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France ex-president Chirac settles with Paris in corruption case

The Paris city council voted Monday to accept a deal in which former French president Jacques Chirac [official profile; JURIST news archive] will pay the city USD $741,000 in compensation for money he allegedly paid to supporters for whom he created false jobs. In exchange for the compensation, the city agreed to drop out of a corruption suit [France 24 report] against Chirac. Chirac is accused of financing the Rally for the Republic (RPR), now renamed as the Union for a Popular Movement [party website, in French], while mayor of Paris by illegally establishing fake city positions for party members to collect salaries totaling several million dollars. Chirac says the payment is not an admission of guilt. On Friday, a French court will set a date [Bloomberg report], most likely early next year, for Chirac's criminal trial on the corruption charges. If convicted, Chirac faces up to 10 years in prison and fines that could exceed USD $200,000.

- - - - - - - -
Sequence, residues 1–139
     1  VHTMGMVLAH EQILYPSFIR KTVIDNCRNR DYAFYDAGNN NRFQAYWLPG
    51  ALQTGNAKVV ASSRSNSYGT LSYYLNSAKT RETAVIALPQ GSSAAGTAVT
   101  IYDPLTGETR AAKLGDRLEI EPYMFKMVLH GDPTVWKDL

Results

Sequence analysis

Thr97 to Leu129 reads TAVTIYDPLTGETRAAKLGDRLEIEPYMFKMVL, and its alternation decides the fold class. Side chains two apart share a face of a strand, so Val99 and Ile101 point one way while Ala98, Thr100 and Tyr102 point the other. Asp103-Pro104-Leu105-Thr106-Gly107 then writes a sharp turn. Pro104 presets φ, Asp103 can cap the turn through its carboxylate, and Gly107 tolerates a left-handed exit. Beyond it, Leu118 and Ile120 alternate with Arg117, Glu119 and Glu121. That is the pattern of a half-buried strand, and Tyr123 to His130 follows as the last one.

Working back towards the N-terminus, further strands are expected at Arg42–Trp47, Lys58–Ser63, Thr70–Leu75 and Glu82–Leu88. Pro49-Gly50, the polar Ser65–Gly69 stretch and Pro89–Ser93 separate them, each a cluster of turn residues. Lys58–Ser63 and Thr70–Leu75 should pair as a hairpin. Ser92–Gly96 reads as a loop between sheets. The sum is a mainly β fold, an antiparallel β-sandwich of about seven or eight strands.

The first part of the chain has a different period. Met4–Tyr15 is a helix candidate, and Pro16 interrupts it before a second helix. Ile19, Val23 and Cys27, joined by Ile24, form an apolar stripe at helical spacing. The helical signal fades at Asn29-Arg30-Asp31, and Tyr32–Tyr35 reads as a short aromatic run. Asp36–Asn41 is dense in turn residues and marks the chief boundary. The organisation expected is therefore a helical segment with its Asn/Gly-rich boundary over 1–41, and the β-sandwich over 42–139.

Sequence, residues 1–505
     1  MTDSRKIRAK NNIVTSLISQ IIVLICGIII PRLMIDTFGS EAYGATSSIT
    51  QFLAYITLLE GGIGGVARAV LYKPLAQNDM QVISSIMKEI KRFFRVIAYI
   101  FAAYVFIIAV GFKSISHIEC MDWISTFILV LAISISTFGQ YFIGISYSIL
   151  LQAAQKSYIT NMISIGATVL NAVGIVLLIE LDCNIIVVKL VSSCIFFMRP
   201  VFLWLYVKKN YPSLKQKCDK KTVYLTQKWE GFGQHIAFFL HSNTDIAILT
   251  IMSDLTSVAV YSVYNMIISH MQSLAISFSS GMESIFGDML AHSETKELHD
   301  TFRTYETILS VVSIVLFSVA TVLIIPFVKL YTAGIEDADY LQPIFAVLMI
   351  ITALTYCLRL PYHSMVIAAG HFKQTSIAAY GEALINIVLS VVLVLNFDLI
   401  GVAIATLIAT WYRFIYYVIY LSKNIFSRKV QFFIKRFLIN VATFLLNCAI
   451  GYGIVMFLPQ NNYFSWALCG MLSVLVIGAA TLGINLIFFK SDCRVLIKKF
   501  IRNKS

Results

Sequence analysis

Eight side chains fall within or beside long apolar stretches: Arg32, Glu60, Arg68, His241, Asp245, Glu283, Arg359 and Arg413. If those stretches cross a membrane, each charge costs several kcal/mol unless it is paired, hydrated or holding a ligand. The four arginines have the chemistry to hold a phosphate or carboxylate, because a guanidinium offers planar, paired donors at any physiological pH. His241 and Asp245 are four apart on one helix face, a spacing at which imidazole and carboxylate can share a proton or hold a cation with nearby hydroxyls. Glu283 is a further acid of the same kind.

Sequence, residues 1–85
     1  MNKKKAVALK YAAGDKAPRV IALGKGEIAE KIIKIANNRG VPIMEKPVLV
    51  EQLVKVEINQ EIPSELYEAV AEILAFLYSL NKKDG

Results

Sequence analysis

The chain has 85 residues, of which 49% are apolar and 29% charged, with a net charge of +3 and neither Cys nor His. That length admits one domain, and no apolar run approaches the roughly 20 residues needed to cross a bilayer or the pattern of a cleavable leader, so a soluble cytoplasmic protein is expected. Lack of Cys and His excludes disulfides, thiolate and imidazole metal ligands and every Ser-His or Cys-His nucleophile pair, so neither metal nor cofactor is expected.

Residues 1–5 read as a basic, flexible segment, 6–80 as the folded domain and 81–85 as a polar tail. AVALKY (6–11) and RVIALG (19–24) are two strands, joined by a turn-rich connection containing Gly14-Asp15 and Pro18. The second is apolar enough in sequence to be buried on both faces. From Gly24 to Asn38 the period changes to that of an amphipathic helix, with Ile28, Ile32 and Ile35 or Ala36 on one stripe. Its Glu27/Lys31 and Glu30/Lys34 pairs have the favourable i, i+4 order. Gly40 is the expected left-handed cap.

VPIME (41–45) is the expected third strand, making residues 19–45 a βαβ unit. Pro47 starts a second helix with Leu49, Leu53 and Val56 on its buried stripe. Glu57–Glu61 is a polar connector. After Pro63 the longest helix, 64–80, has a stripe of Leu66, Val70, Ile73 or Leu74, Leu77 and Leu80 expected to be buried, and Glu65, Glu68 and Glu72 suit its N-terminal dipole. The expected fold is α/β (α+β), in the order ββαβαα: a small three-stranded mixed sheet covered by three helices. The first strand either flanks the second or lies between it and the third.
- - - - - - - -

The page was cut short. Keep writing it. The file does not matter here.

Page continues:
In December, a French judge placed Chirac under preliminary investigation [JURIST report]. Chirac was ordered to stand trial [JURIST report] on related charges of embezzlement and misuse of public funds last October. Chirac will be the first former French president to stand trial [JURIST comment] since the formation of the current Republic in 1958. The charges were originally filed in 2007 [JURIST report] after Chirac's presidency ended and he no longer had judicial immunity. In July 2007, French investigating magistrates questioned Chirac as a material witness [JURIST report] in their probe of the corruption allegations.

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